Oedipus Plays of Sophocles by Sophocles

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With this volume, poet Robert Bagg completes his translation of the three plays in which Sophocles dramatized the agony and destruction inflicted on Oedipus and his family, the royal house of Thebes. To the newly revised "Oedipus the King," first published in 1982, Bagg adds "Antigone" and "Oedipus at Kolonos." Composed decades apart in the fifth century BCE, these tragedies hold a central place in Western literature--not only because of the formal beauty and dramatic power of their poetry, but because of the shocking ironies that convey Sophocles’ understanding of divine malice and human vulnerability.

Bagg’s goal has been to make accurate but idiomatic renderings of the Greek originals that are suitable for reading, teaching, or performing. What makes his versions "leaner, tauter, more luminous and Sophoclean than other translations," writes classicist Richard P. Martin, is Bagg’s "decision to follow the American poetic tradition of Stevens, Pound, and Frost rather than the English tradition" of most other contemporary translators. Readers and actors alike will find these translations loyal to Sophocles’ characteristic directness and concision, his pervasive irony, his unsparing descriptions of physical violence, and the music of his choral songs. Each character speaks with a distinctive voice; each play possesses a tone expressive of the issues that preoccupied Sophocles during the stages of his long engagement with the fate of Oedipus, his wife/mother Jocasta, and their children.

In the introductions, Bagg and his wife Mary discuss factors in ancient Greek social and cultural life that are likely to be unfamiliar to the general reader but are central to interpreting Sophocles’ meaning. They have also annotated each play to clarify mythological references and points of interpretation and translation. In their general introduction they explore the origins of Greek theater, the nature of the Athenian festival of Dionysos at which Sophocles’ plays were first performed, and the characteristic ingredients of Greek drama in performance. They conclude with a discussion of the known facts and surviving anecdotes of the playwright’s life.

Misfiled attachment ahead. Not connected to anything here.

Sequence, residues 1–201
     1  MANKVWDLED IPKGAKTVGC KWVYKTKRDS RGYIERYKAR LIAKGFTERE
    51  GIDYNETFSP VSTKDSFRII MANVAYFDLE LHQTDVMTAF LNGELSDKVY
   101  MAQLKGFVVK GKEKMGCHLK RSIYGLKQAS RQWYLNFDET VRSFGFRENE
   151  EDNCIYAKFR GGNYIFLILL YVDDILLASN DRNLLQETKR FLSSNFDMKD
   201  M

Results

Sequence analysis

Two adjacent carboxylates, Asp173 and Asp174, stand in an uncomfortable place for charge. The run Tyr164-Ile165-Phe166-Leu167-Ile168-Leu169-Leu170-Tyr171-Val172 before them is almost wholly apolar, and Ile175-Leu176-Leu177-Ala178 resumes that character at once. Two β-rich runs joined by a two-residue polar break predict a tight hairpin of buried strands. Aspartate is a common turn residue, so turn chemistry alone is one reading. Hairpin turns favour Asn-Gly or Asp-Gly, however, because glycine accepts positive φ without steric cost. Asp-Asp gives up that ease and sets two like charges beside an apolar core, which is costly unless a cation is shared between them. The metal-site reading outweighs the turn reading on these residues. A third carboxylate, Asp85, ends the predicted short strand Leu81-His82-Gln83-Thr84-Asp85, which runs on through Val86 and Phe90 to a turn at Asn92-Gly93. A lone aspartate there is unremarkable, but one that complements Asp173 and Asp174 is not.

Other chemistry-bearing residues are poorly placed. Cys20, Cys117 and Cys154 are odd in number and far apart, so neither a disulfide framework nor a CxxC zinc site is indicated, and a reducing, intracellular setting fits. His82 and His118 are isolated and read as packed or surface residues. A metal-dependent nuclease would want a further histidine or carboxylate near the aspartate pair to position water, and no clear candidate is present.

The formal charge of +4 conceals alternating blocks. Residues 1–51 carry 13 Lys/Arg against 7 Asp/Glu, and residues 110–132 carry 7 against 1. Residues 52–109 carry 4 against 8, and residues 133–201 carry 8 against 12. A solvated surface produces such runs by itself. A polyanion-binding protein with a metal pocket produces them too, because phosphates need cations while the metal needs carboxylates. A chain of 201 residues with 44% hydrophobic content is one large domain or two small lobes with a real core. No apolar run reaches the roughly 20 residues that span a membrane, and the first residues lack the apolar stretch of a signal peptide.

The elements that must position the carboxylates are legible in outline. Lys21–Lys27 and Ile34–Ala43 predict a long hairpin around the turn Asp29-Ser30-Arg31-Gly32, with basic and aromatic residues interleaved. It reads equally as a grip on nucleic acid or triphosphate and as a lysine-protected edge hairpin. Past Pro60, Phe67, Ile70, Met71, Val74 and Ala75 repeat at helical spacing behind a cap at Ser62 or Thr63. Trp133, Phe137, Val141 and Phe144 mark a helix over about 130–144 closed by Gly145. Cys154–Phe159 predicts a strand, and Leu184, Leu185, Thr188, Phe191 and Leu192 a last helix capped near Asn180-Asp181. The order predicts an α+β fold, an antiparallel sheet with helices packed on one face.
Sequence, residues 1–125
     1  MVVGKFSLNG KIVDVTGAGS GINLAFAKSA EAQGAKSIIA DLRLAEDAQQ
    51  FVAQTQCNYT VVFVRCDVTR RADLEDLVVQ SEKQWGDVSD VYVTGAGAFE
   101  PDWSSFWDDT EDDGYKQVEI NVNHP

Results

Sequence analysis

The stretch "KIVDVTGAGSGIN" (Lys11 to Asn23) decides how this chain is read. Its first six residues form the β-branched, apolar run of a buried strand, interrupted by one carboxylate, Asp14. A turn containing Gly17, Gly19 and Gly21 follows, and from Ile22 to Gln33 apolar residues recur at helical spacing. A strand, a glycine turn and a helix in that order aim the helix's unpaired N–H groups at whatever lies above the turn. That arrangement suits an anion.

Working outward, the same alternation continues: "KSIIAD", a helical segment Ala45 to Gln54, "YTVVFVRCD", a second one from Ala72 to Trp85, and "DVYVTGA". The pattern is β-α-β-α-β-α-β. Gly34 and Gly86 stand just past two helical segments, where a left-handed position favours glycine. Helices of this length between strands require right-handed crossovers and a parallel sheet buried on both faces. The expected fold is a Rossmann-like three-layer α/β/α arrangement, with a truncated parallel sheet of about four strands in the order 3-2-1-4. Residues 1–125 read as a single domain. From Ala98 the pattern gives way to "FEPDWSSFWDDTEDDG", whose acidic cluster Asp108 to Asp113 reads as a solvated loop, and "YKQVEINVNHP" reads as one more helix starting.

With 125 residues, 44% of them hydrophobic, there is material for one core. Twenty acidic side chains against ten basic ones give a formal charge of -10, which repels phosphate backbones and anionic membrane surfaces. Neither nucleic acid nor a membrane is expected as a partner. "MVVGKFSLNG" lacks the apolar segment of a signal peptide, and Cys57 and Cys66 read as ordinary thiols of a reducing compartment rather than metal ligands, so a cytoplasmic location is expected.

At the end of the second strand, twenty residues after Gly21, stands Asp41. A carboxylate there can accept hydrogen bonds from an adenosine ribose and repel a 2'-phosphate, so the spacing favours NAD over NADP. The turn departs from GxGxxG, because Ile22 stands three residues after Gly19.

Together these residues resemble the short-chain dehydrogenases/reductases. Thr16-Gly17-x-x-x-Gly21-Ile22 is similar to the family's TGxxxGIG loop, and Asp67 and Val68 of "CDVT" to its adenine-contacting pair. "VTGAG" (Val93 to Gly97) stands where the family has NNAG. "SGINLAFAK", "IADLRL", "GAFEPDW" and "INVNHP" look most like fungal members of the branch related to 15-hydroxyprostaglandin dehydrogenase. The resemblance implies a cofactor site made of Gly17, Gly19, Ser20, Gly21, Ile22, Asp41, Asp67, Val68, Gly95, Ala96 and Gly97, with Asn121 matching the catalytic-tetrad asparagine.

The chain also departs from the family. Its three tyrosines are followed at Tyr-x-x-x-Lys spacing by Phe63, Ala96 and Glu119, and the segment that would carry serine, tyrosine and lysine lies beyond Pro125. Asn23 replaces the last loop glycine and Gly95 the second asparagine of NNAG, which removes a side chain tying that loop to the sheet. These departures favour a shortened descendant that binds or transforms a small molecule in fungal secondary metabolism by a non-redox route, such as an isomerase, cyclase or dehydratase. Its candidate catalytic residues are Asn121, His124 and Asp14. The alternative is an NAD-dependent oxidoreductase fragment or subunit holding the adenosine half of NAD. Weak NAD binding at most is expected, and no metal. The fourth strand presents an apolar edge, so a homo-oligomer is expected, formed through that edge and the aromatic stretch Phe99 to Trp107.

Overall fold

About Sophocles

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The Greek dramatist Sophocles, born to a wealthy family at Colonus, near Athens, was admired as a boy for his personal beauty and musical skill. He served faithfully as a treasurer and general for Athens when it was expanding its empire and influence. In the dramatic contests, he defeated Aeschylus in 468 b.c. for first prize in tragedy, wrote a poem to Herodotus (see Vol. 3), and led his chorus and actors in mourning for Euripides just a few months before his own death. He wrote approximately 123 plays, of which 7 tragedies are extant, as well as a fragment of his satiric play, Ichneutae (Hunters). His plays were produced in the following order: Ajax (c.450 b.c.), Antigone (441 b.c.), Oedipus Tyrannus (c.430 b.c.), Trachiniae (c.430 b.c.), Electra (between 418 and 410 b.c.), Philoctetes (409 b.c.), and Oedipus at Colonus (posthumously in 401 b.c.). With Sophocles, Greek tragedy reached its most characteristic form. He added a third actor, made each play independent---that is, not dependent on others in a trilogy---increased the numbers of the chorus, introduced the use of scenery, shifted the focus from religious to more philosophical issues, and brought language and characters, though still majestic, nearer to everyday life. His finely delineated characters are responsible for the tragedy that befalls them, and they accept it heroically. Aristotle (see Vols. 3, 4, and 5) states that Sophocles said he portrayed people as they ought to be; Euripides, as they are. His utter command of tragic speech in the simple grandeur of his choral odes, dialogues, and monologues encourages the English reader to compare him to Shakespeare (see Vol. 1).
Published August 1, 2004 by University of Massachusetts Press. 304 pages
Genres: Literature & Fiction. Non-fiction

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A thrilling, accessible translation of Sophocles' Oedipus plays.

May 27 2010 | Read Full Review of Oedipus Plays of Sophocles

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